Congress passed the American Taxpayer Relief Act of 2012 on January 1, 2013. The overall effect of the law on charitable giving is expected to be positive.
The charitable income tax deduction was not changed. In fact, new tax rates may make it possible for some to give more at lower after-tax cost.
The law includes a number of provisions designed to encourage charitable giving. For example, Congress again allows many to make tax-free charitable gifts directly from their IRA. More information.
Revisions of estate and gift tax law will also make it possible for many to include charitable gifts as part of their estate plans while also providing more for loved ones.
Provisions that previously required minor reductions of itemized deductions have been reinstated but in most cases will not affect charitable gifts. Who is affected? Continue reading below to learn more.
Who does the itemized deduction phase-out affect?
The American Taxpayer Relief Act of 2012 reinstated the reduction in the amount of itemized deductions for certain taxpayers that was previously in effect from 1991 to 2009. Known as the Pease Amendment, this provision was designed to partially limit deductions for higher income taxpayers. Under its terms, total itemized deductions are reduced by 3 percent of the amount that a taxpayer’s adjusted gross income (AGI) exceeds a threshold amount. Beginning in 2013 the Pease Amendment again applies with a threshold AGI amount of $300,000 for married taxpayers who file jointly ($275,000 for heads of household; $250,000 for single persons).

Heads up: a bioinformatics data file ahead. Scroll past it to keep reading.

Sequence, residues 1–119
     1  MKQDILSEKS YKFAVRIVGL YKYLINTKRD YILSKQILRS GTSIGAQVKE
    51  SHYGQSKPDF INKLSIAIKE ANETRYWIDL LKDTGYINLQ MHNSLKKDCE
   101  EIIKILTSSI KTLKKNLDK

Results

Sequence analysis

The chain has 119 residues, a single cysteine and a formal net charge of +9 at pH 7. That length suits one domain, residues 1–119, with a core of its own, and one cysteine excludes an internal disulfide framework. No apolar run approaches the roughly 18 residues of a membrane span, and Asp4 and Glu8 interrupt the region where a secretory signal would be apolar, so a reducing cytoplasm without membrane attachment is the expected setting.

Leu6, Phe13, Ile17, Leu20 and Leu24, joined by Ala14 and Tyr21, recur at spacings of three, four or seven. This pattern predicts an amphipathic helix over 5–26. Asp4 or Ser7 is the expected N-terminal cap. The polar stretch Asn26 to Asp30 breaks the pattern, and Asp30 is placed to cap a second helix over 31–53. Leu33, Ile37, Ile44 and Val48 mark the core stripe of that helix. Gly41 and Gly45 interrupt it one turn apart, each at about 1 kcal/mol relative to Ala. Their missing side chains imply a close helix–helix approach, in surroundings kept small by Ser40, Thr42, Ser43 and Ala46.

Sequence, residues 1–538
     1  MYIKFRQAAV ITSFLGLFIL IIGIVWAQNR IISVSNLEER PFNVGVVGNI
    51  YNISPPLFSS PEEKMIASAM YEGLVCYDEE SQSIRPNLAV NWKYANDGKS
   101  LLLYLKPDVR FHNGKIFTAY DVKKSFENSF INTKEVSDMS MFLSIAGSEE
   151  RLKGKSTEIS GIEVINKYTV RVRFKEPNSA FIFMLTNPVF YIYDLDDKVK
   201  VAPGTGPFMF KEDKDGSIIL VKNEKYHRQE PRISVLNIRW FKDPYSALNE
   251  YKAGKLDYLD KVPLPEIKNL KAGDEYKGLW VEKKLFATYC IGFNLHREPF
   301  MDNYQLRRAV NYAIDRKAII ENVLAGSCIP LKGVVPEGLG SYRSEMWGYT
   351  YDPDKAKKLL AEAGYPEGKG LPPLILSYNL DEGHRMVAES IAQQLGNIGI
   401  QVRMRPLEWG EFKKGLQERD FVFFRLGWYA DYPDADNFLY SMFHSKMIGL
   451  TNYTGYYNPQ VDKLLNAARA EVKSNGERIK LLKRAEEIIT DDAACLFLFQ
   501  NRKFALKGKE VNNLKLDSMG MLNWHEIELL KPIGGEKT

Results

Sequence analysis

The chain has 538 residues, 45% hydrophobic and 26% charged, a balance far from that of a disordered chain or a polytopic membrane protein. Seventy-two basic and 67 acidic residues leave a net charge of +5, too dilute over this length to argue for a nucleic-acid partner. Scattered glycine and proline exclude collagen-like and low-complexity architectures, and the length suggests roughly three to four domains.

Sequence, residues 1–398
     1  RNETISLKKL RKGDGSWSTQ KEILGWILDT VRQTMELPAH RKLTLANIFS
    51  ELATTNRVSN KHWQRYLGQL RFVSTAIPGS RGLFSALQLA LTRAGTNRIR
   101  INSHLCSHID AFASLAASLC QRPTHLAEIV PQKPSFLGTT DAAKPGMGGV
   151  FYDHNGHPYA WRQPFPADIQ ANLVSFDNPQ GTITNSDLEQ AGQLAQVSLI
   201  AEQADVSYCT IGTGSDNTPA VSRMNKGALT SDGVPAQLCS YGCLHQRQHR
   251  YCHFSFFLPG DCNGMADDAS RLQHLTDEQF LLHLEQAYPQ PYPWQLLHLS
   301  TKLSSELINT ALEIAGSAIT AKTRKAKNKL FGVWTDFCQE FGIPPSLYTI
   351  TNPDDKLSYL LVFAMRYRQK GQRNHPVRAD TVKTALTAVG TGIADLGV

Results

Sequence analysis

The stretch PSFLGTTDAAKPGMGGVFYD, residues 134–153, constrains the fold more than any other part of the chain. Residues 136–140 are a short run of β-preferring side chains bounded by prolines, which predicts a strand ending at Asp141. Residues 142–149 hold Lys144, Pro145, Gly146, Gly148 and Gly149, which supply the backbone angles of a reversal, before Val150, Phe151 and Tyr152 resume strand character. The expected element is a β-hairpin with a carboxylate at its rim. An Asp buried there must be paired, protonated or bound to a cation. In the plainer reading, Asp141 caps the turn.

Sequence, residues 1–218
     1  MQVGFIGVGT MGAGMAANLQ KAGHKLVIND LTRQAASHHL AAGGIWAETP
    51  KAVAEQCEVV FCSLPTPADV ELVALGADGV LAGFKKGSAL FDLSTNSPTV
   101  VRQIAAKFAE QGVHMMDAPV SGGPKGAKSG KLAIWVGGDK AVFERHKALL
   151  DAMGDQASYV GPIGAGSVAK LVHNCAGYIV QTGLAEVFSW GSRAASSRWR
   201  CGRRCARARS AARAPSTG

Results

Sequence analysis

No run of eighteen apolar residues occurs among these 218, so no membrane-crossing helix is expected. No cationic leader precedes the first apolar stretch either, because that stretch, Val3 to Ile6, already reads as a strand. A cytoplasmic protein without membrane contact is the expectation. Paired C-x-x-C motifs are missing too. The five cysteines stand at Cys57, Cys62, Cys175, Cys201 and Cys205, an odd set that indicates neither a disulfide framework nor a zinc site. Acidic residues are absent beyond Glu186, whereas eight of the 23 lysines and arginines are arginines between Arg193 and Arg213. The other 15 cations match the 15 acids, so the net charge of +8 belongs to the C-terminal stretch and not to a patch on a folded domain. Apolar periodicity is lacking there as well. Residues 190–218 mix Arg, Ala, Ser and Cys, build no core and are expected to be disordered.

Over the 18-year period the Pease Amendment was in effect it proved to have little practical impact on the amount most donors could deduct. See the following examples:
Example 1: Mary and Stanley have an adjusted gross income of $250,000. Their charitable gifts and other itemized deductions total $50,000. Because their income falls below the threshold amount at which the Pease Amendment applies, they are not required to reduce their charitable or other deductions and their gifts remain fully deductible.
Example 2: George and Martha have an adjusted gross income of $500,000. Their itemized deductions include $30,000 in mortgage interest, $10,000 in state taxes and $10,000 in charitable gifts. The Pease Amendment will require that their itemized deductions for be reduced by 3 percent of the amount their AGI exceeds $300,000. They must reduce their total itemized deductions by 3 percent of $200,000, or $6,000. If they are in the 39.6 percent tax bracket, this means their taxes are increased by $2,376, an increase of less than one-half of one percent of their AGI. Note that if they had made no charitable gifts, the $6,000 reduction would still apply, reducing their other deductions. Even if their AGI were $1 million, the Pease reduction of 3 percent of $700,000, or $21,000, would not even eliminate all of their mortgage interest, regardless of their charitable gifts or other deductions. As a result, since their charitable gifts are well outside the reach of the Pease reduction, there is no practical impact on the value of their charitable deduction.
Note that a small number of taxpayers who make very large charitable gifts and have very high incomes and/or no deductions other than charitable gifts could see a negative impact from the reintroduction of the Pease Amendment.